Stratfor: STrategic Reversal: US, Iran, and the Middle East
Reply #602 on:
November 24, 2014, 05:00:19 PM »
Strategic Reversal: The United States, Iran, and the Middle East
November 24, 2014 | 1114 Print Text Size
Strategic Reversal: The United States, Iran, and the Middle East
Editor's Note: With negotiators reportedly extending the Iranian nuclear talks by seven months — with a basic agreement anticipated by March 1, 2015, and a final, comprehensive pact by July — the talks between Iran and the five permanent members of the Security Council plus Germany will remain a geopolitical focal point in 2015. Stratfor founder and Chairman George Friedman predicted this outcome in Chapter 7 of his 2011 book, The Next Decade. To give our subscribers a more comprehensive look at the geopolitical realities that produced the current state of affairs and that will continue to steer the detente process, Stratfor republishes this chapter in its entirety.
Beyond the special case of Israel, the area between the eastern Mediterranean and the Hindu Kush remains the current focus of U.S. policy. As we've noted, the United States has three principal interests there: to maintain a regional balance of power; to make certain that the flow of oil is not interrupted; and to defeat the Islamist groups centered there that threaten the United States. Any step the United States takes to address any one of these objectives must take into account the other two, which significantly increases the degree of difficulty for achieving even one.
Adding to this challenge is that of maintaining the balance of power in three regions of the area: the Arabs and the Israelis, the Indians and the Pakistanis, and the Iraqis and the Iranians. Each of these balances is in disarray, but the most crucial one, that between the Iranians and the Iraqis, collapsed completely with the disintegration of the Iraqi state and military after the U.S. invasion of 2003. The distortion of the India-Pakistan balance is not far behind, as the war in Afghanistan continues to destabilize Pakistan.
As we saw in the last chapter, the weakness of the Arab side has created a situation in which the Israelis no longer have to concern themselves with their opponents' reactions. In the decades ahead, the Israelis will try to take advantage of this to create new realities on the ground, while the United States, in keeping with its search for strategic balance, will try to limit Israeli moves.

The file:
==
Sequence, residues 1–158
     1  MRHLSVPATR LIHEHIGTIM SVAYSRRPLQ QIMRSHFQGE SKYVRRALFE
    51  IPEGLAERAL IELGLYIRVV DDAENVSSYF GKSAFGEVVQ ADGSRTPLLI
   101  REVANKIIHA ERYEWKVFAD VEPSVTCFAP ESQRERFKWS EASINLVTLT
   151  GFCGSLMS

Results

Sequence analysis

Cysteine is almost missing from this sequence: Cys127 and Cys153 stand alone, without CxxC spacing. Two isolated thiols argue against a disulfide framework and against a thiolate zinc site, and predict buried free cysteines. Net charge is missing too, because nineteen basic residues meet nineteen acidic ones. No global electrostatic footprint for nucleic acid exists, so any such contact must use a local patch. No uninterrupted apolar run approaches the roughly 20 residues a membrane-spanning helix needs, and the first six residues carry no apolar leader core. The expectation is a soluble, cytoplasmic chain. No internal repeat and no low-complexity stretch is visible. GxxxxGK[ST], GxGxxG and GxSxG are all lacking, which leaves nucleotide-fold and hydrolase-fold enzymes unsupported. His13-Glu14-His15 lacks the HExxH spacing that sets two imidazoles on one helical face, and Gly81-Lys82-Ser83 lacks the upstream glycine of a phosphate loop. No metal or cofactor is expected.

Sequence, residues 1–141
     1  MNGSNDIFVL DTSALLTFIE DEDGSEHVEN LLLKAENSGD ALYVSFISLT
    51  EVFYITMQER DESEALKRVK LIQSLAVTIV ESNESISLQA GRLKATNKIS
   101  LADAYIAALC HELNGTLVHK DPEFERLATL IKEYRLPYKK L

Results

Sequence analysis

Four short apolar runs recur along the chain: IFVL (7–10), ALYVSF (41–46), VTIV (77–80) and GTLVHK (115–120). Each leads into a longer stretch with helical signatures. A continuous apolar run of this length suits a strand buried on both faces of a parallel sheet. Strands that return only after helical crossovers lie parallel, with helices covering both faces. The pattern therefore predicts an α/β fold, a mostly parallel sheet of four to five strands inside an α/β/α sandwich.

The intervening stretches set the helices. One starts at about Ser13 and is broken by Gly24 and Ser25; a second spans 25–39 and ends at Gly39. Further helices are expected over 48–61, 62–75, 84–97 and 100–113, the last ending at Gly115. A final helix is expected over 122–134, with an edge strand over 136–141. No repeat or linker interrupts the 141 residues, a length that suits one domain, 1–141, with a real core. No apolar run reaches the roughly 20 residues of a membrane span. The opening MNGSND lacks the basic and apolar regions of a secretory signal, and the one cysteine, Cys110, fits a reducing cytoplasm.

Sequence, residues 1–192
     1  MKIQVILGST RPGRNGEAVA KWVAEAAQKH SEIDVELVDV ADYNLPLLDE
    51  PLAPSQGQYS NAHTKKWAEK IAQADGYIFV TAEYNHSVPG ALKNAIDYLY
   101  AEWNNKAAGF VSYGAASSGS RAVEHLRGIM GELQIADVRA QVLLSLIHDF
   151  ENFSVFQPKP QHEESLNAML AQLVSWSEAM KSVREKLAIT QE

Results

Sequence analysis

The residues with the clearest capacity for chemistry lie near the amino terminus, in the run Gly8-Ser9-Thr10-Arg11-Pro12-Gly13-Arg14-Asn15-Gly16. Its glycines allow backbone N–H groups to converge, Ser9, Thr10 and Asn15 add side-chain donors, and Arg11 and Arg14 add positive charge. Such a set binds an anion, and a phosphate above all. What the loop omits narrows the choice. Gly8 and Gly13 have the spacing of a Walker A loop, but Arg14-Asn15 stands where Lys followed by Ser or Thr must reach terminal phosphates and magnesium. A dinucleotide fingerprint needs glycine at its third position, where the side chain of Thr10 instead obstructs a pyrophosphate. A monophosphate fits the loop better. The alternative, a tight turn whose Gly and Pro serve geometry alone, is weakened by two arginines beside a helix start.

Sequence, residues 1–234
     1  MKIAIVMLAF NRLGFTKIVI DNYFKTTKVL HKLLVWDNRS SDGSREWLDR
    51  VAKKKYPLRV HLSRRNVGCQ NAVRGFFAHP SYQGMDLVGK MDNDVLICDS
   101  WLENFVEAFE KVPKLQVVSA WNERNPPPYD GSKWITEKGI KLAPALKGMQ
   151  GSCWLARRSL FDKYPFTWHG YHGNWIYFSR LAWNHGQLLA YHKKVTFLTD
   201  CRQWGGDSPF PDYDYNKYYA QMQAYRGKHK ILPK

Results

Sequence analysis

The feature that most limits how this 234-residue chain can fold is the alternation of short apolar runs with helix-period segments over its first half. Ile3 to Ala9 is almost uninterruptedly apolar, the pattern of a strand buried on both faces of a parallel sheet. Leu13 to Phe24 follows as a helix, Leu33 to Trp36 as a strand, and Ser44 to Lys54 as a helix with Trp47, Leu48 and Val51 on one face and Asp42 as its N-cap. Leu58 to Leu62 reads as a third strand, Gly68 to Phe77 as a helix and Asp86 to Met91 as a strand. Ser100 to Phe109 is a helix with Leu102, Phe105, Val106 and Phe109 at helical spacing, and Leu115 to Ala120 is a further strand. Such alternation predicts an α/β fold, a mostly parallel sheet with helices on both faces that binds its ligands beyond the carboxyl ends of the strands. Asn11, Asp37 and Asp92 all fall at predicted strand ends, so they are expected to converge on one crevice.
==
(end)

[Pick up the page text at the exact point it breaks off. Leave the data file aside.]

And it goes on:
The Indo-Pakistani balance is being destabilized in Afghanistan, a complex war zone where American troops are pursuing two competing goals, at least as stated officially. The first is to prevent al Qaeda from using Afghanistan as a base of operations; the second is to create a stable democratic government. But denying terrorists a haven in Afghanistan achieves little, because groups following al Qaeda's principles (al Qaeda prime, the group built around Osama bin Laden, is no longer fully functioning) can grow anywhere, from Yemen to Cleveland. This is an especially significant factor when the attempt to disrupt al Qaeda requires destabilizing the country, training the incipient Afghanistan army, managing the police force of Afghan recruits, and intruding into Afghan politics. There is no way to effectively stabilize a country in which you have to play such an intrusive role.
Unscrambling this complexity begins with recognizing that the United States has no vital interest in the kind of government Afghanistan develops, and that once again the president cannot allow counter-terrorism to be a primary force in shaping national strategy.
But the more fundamental recognition necessary for ensuring balance over the next ten years is that Afghanistan and Pakistan are in fact one entity, both sharing various ethnic groups and tribes, with the political border between them meaning very little. The combined population of these two countries is over 200 million people, and the United States, with only about 100,000 troops in the region, is never going to be able to impose its will directly and establish order to its liking.